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Glob Health Action. 2014 Feb 14;7:23189. doi: 10.3402/gha.v7.23189. eCollection 2014.

Gender inequalities in health: exploring the contribution of living conditions in the intersection of social class.

Author information

1
Centre for Biomedical Network Research on Epidemiology and Public Health (CIBERESP), Spain; Agència de Salut Pública de Barcelona, IIB-Sant Pau, Barcelona, Spain; Unitat Docent de Medicina Preventiva i Salut Pública PSMAR-UPF-ASPB, Barcelona, Spain; dmalmusi@aspb.cat.
2
Health Inequalities Research Group - Employment Conditions Network (GREDS-EMCONET), Universitat Pompeu Fabra, Barcelona, Spain; Departamento de Salud Pública, Escuela de Medicina, Pontificia Universidad Católica de Chile, Santiago, Chile.
3
Health Inequalities Research Group - Employment Conditions Network (GREDS-EMCONET), Universitat Pompeu Fabra, Barcelona, Spain.
4
Centre for Biomedical Network Research on Epidemiology and Public Health (CIBERESP), Spain; Agència de Salut Pública de Barcelona, IIB-Sant Pau, Barcelona, Spain; Department of Experimental and Health Sciences, Universitat Pompeu Fabra, Barcelona, Spain.

Abstract

BACKGROUND:

Women experience poorer health than men despite their longer life expectancy, due to a higher prevalence of non-fatal chronic illnesses. This paper aims to explore whether the unequal gender distribution of roles and resources can account for inequalities in general self-rated health (SRH) by gender, across social classes, in a Southern European population.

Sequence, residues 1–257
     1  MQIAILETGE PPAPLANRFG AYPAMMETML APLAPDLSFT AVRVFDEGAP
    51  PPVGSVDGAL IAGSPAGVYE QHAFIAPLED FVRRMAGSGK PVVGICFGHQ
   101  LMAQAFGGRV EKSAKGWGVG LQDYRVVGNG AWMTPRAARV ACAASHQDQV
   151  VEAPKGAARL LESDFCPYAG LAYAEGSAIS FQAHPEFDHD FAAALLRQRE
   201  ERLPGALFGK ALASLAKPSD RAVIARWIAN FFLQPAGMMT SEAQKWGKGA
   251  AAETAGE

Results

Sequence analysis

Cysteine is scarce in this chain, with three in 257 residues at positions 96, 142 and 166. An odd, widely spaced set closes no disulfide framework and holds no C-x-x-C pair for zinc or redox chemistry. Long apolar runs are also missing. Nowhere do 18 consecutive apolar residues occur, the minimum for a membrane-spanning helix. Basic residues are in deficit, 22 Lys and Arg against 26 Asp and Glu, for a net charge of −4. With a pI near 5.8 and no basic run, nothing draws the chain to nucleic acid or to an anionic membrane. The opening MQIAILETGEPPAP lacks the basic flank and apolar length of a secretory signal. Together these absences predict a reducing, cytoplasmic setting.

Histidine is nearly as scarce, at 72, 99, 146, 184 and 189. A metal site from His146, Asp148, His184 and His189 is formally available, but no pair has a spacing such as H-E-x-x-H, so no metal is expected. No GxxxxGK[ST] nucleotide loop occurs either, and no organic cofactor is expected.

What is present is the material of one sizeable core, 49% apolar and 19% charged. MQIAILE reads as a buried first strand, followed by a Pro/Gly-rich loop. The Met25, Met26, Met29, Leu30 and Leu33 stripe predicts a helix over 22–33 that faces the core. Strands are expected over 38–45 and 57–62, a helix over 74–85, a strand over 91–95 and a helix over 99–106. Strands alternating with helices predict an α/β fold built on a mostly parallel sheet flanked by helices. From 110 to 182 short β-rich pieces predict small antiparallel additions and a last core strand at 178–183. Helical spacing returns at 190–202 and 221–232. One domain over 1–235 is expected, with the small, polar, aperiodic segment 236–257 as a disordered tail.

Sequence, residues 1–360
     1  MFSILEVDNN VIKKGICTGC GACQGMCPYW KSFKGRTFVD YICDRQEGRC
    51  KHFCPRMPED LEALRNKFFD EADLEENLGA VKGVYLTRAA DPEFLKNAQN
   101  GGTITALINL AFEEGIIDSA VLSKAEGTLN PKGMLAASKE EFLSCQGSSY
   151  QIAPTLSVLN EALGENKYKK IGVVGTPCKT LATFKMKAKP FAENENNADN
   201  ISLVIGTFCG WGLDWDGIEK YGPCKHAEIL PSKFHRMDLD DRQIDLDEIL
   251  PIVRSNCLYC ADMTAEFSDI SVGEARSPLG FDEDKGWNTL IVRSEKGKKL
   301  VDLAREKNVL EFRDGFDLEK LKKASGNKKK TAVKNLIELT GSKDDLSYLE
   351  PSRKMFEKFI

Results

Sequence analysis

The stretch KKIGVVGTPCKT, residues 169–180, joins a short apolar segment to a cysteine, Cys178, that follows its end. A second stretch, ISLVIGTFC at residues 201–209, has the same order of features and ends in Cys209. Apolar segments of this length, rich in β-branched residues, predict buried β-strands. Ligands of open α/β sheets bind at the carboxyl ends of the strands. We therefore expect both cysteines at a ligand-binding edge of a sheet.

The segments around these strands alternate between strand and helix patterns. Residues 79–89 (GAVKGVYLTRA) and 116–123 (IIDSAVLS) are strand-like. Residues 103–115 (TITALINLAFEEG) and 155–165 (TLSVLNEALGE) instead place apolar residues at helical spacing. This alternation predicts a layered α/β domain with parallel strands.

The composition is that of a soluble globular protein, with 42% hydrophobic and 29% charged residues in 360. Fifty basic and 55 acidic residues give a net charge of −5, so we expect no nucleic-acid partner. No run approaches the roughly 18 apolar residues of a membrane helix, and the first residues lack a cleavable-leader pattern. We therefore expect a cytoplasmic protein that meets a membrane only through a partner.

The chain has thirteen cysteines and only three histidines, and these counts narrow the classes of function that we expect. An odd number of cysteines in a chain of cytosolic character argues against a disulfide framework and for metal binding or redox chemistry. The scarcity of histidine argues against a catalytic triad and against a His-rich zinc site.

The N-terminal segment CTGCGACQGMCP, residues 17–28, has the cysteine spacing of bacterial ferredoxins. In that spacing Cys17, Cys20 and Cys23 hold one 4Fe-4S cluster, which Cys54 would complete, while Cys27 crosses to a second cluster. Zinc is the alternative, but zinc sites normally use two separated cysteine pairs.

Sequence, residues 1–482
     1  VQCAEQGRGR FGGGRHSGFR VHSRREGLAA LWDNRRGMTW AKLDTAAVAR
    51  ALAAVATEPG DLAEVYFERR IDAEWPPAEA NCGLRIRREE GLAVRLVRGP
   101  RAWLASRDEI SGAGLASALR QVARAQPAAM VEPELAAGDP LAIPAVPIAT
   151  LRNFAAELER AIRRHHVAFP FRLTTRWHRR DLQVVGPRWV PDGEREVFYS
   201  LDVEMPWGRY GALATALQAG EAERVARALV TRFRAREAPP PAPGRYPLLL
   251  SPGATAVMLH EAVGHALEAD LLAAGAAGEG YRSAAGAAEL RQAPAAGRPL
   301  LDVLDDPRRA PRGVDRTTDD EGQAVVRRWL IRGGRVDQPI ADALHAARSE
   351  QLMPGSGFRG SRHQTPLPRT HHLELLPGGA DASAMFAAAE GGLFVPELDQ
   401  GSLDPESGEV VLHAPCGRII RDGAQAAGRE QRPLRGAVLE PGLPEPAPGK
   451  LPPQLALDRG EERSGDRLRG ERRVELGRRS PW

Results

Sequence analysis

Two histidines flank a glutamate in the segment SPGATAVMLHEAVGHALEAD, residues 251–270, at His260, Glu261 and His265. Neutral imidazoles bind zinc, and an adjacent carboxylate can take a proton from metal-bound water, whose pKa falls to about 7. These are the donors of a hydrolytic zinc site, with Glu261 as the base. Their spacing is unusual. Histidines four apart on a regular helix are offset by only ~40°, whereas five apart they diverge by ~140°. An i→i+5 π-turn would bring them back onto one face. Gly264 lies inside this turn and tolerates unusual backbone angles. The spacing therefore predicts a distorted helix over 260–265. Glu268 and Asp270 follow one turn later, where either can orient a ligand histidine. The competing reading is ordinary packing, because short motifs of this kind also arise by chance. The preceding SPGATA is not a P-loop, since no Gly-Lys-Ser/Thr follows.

METHODS:

Cross-sectional study of residents in Catalonia aged 25-64, using data from the 2006 population living conditions survey (n=5,817). Poisson regression models were used to calculate the fair/poor SRH prevalence ratio (PR) by gender and to estimate the contribution of variables assessing several dimensions of living conditions as the reduction in the PR after their inclusion in the model. Analyses were stratified by social class (non-manual and manual).

RESULTS:

SRH was poorer for women among both non-manual (PR 1.39, 95% CI 1.09-1.76) and manual social classes (PR 1.36, 95% CI 1.20-1.56). Adjustment for individual income alone eliminated the association between sex and SRH, especially among manual classes (PR 1.01, 95% CI 0.85-1.19; among non-manual 1.19, 0.92-1.54). The association was also reduced when adjusting by employment conditions among manual classes, and household material and economic situation, time in household chores and residential environment among non-manual classes.

DISCUSSION:

Gender inequalities in individual income appear to contribute largely to women's poorer health. Individual income may indicate the availability of economic resources, but also the history of access to the labour market and potentially the degree of independence and power within the household. Policies to facilitate women's labour market participation, to close the gender pay gap, or to raise non-contributory pensions may be helpful to improve women's health.

KEYWORDS:

gender; health inequalities; intersectionality; material resources; self-rated health; social class

PMID:
24560257
PMCID:
PMC3927744
DOI:
10.3402/gha.v7.23189
[Indexed for MEDLINE]
Free PMC Article

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